Two Large Matching Engraved Brass Tea Pots
Bukhara or Kokand
At almost 40cm in height, these two ewers are unusually tall. The chasing work on them is also unusually fine and yet both show pleasing signs of use – there is light wear and a pleasing patina. The tea pots are not a pair but almost certainly are from the same workshop and most probably are by the same artisan. The dimensions are almost identical but the motifs employed in the etching differ.
The body of each is engraved with bands of scrolling flowers and leaf motifs. Each has a central raised tear-drop cartouche engraved with peonies and other blooms in quatrefoil arrangements reminiscent of traditional Timurid designs. The base of the spouts are engraved with Timurid-like trilobed pendants, stylised orchids, and fish scales. The lids are high with six sides that flatten to a dome, feature open-work stylised lotus blooms, and rise to a lotus-bud finial.
The base of one is engraved with a pair of fish, front and back. Small fish have also been worked into the Timurid-style panel engraved on the neck. Says Kalter (1997, p. 119) in respect of a tinned copper Bukharan sherbet bowl that also has fish as part of the motifs used on it, “The upper band is decorated with bold nashki script, while the main design consists of cartouches with highly stylised vase motifs alternating with roundels enclosing Greek crosses and opposing fishes. The fishes and the script – clearly indicate its Central Asian origin.” The base of the other is engraved with stylised fish motifs.
The flared foot of each is also engraved. One has a border of four-petalled flowers within squares which Kalter observes is suggestive of Central Asian provenance. The other has floral pendants infilled with cross-hatching to match the fish scale motifs used elsewhere on the tea pot.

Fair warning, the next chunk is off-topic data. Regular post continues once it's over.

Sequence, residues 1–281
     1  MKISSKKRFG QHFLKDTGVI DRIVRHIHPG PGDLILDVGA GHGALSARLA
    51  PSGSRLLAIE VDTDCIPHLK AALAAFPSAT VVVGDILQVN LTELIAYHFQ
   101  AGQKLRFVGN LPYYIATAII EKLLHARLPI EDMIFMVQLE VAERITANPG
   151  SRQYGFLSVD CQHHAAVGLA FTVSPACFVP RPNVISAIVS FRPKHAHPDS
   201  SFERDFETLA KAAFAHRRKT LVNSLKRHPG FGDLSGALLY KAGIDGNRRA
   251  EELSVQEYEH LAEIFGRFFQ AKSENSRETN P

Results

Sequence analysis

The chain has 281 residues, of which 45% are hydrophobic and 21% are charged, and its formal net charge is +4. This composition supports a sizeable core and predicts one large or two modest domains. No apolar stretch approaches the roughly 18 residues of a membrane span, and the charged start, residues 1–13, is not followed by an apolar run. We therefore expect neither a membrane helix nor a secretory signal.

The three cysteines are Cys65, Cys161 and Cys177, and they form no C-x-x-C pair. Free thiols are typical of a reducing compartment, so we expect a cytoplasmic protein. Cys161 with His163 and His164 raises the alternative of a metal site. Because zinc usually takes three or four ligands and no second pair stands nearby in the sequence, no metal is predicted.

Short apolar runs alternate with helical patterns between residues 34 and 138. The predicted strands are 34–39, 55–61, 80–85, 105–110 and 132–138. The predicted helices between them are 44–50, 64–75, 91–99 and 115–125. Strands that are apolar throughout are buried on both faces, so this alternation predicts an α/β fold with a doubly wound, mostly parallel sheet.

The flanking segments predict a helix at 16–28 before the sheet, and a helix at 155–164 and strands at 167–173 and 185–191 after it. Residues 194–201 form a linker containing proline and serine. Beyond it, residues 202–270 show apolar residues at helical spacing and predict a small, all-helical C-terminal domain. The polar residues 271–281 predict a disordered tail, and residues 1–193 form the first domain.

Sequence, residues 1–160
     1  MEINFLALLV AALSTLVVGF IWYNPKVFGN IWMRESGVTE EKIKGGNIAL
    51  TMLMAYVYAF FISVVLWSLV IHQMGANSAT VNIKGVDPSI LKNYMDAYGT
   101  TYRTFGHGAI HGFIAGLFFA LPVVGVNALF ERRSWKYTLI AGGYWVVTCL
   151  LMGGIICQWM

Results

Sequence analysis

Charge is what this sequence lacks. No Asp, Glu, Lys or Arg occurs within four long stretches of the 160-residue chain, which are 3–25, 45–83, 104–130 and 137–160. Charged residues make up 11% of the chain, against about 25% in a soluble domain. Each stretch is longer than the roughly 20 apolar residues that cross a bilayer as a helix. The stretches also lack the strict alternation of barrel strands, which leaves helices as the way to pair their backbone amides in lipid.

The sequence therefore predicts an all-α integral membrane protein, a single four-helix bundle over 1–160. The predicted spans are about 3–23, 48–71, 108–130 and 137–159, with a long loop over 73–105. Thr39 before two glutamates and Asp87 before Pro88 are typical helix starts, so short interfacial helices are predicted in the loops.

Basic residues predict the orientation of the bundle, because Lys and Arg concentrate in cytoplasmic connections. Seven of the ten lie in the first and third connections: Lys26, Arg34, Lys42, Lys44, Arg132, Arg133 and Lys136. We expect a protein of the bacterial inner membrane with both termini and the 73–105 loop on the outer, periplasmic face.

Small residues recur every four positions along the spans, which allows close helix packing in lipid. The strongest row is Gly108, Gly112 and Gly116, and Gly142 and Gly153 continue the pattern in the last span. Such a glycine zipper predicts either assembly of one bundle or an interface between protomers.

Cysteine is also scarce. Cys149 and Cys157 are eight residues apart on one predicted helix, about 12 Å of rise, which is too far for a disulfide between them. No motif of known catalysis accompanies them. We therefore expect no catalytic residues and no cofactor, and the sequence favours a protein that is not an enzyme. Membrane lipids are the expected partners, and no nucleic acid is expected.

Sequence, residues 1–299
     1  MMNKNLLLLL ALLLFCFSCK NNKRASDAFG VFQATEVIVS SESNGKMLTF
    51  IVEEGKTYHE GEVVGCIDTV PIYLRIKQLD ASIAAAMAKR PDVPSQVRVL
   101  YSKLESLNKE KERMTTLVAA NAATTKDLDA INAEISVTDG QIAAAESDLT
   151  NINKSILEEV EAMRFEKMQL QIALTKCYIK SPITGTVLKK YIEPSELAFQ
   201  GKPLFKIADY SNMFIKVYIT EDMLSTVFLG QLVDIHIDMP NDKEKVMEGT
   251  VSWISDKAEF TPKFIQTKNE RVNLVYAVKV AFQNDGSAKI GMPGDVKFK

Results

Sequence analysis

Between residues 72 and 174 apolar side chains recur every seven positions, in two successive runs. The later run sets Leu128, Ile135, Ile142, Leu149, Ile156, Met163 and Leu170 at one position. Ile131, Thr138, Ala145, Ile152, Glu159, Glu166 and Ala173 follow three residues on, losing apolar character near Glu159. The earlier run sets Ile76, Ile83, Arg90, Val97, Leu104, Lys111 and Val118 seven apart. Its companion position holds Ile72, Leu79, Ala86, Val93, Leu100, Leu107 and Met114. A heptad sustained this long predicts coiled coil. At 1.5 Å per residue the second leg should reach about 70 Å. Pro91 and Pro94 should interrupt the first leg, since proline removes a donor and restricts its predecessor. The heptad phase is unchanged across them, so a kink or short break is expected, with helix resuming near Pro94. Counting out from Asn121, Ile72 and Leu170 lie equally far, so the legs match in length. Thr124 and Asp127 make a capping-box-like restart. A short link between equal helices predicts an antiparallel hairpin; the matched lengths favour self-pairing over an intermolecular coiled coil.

The handle of each is in the classic ‘S’ shape, but closer inspection reveals the handles to be stylised
makara with jaws gaping; the bottom jaw being attached to the neck of the tea pot and the upper jaw attaching to the lid. The copper rivets used to attach the handle to the flange of the lid appear as eyes for the makara.
The finishing on the bases of each are the finest we have encountered, with sheet copper carefully hammered and secured into the interior of the base rather than being hammered over the foot.
The tea pots are of exceptional quality and their Central Asian origins are clear from the types of imagery employed: peonies,
makara, pairs of fish, orchids and lotus – all evocative of the Silk Road trading routes with the blending of influences from China and India with those of the Islamic world.
similar teapots are illustrated in Kalter, J. and Pavaloi, M., Uzbekistan: Heirs to the Silk Road, Thames & Hudson, 1997, p. 315, 321.
Inventory no.: 790